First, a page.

We have been having an interesting discussion about ‘privilege’ – and the delusion that an individual can ‘possess’ privilege as an innate, personal trait, and then use it against specific groups of people- here at QRG HQ.
In the light of our discussions I returned to Mark Simpson’s recent post, about a YouGOv (UK) survey that looked at men’s facial and body hair. Though the researchers interviewed men and women, they only asked the women if they preferred men to be hirsute or hairless. They treated the men as ‘objects’ and merely asked them to say if they had body/facial hair or not.
‘I read with interest this YouGov survey published this week which provides some confirming data on the fashionability of face fuzz and its accessorization by males today: ‘stubble’ is reportedly the most popular form of facial hair today – especially with 18-24 year olds (51% say they have facial hair and 80% of those describe it as ‘stubble’). Stubble of course being the most easily adopted and discarded form of facial hair.
But the survey – called ‘Let’s Face It’ — is much less interesting for what it reports than for what it doesn’t. What it’s not facing. At all. The assumptions behind it and the way that compulsory heterosexuality is used to deprive all men of a voice, even about their own bodies.
Here’s the first paragraph of the YouGov press release/summary:
‘Are you male and looking for a date? It might be a good idea to shave beforehand, our survey suggests, as we discover that two thirds of British women prefer the appearance of a man without a beard, compared to less than one in ten who like the more hirsute type’
The first assumption of course is that the date a male is looking for is necessarily with a woman. (And as I say, if you’re gay you have to have a Captain Haddock to get a second look.) The second, and closely-related assumption, is that men’s affinity for facial hair is naturally to be measured entirely in terms of what women want.’
Mark’s post asks that question that he, I and others ask regularly: No, seriously, what about the men?
Because in our current culture which I described in the Privilege discussion as ‘feminist orthodoxy’, it seems as if men’s voices are rarely heard.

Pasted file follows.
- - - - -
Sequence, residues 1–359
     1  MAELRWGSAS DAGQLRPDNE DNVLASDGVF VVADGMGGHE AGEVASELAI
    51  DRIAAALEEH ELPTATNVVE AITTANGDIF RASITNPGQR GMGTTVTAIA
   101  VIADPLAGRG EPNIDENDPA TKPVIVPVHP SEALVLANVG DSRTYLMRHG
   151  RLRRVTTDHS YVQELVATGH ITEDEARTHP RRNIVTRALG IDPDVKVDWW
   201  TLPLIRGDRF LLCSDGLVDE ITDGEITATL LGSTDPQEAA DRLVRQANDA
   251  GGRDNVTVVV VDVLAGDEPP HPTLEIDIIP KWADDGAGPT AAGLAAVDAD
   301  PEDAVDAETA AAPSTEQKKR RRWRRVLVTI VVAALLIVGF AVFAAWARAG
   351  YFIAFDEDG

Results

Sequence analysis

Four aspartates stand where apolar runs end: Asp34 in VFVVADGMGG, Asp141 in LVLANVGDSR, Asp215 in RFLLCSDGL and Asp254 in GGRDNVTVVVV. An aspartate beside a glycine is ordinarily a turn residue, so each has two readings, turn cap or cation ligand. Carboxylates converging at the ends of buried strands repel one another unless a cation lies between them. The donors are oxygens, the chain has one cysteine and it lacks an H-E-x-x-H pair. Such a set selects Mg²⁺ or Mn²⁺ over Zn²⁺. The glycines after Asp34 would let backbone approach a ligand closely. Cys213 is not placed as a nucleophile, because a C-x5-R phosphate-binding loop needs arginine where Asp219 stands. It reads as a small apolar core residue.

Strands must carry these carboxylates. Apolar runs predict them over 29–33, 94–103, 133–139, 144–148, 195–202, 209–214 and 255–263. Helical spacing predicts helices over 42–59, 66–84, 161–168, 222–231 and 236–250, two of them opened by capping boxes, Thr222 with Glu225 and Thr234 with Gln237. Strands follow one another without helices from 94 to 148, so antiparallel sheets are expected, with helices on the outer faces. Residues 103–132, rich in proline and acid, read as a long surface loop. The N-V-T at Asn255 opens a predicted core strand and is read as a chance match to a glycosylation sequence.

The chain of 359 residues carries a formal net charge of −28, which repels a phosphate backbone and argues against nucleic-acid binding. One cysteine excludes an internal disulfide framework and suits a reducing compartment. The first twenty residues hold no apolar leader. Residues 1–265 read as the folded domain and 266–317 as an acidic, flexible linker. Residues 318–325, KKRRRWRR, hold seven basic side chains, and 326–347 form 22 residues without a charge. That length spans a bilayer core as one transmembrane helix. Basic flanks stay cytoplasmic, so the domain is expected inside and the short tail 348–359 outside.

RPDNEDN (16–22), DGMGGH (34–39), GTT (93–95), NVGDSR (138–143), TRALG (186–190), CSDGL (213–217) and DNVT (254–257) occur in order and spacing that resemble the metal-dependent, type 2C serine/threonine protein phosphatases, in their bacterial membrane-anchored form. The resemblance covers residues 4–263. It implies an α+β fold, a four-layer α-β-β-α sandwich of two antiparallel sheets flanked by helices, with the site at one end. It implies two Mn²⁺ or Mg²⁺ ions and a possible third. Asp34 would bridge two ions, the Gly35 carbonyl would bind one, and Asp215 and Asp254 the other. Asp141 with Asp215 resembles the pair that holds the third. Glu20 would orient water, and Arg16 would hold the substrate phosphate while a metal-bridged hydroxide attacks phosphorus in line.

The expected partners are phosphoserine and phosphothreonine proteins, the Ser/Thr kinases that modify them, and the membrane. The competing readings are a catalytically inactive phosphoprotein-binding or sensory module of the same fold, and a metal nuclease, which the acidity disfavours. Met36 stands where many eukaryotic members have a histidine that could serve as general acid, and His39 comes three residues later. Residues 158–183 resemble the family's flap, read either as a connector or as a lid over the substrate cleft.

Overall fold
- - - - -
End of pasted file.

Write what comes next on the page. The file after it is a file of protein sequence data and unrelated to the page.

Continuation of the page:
In the context of the facial and body hair survey, Mark says that:
compulsory heterosexuality is used to deprive all men of a voice, even about their own bodies.
I agree and disagree with this statement. I agree because yes, men are denigrated and reduced to objects, on matters of the body/personal life/relationships/sexuality/feelings in our culture. They are often presented as ‘thugs’ (the recent UK riots), ‘rapists’ (DSK/Assange), ‘bad parents’ (the riots again) or reduced to penises (the recent ‘bisexual’ ‘science’ using penile plesmographs).
But I disagree because saying ‘compulsory heterosexuality is used to deprive all men of a voice’ sounds like men are not involved in ‘compulsory heterosexuality’. It sounds as if it is women who run the ‘compulsory heterosexuality’ show and just don’t listen to men’s views.
It also seems to suggest that compulsory heterosexuality is somehow ‘worse’ for men than women, because men’s voices are not heard, and their relationship to their own and other men’s bodies is not acknowledged.
I don’t think Simpson meant that. But it sounded a bit like he did.
Also it may be worth wondering if compulsory heterosexuality is used to deny all men of a voice, or if all men are denied a voice in order to reinforce compulsory heterosexuality? Which way round is it? (or is it both?)
The bald fact about gender inequality, as the bald guy pictured above might say, is it is about power. And power is everywhere.
Men and women invest in compulsory heterosexuality, because most men and women get some dividends out of it. Some of those men and women designed and conducted the yougov survey, and some of them responded to the questions without asking why they didn’t consult men about their preferences, but only asked them to describe their bodies.
Why do men invest in something that denies them a voice? What’s in it for them? I am interested in the answer to that question.
I am interested in resistance. And how we resist ‘compulsory heterosexuality’.
I know how Mark Simpson resists it. I know how Foucault did. And I know how I do.
What about the rest of you, men, women, bearded or not? I don’t care what you look like or how you identify. I care about what you have to say.
p.s. If Foucault had grown a beard, he’d have been Lenin. I am glad he didn’t.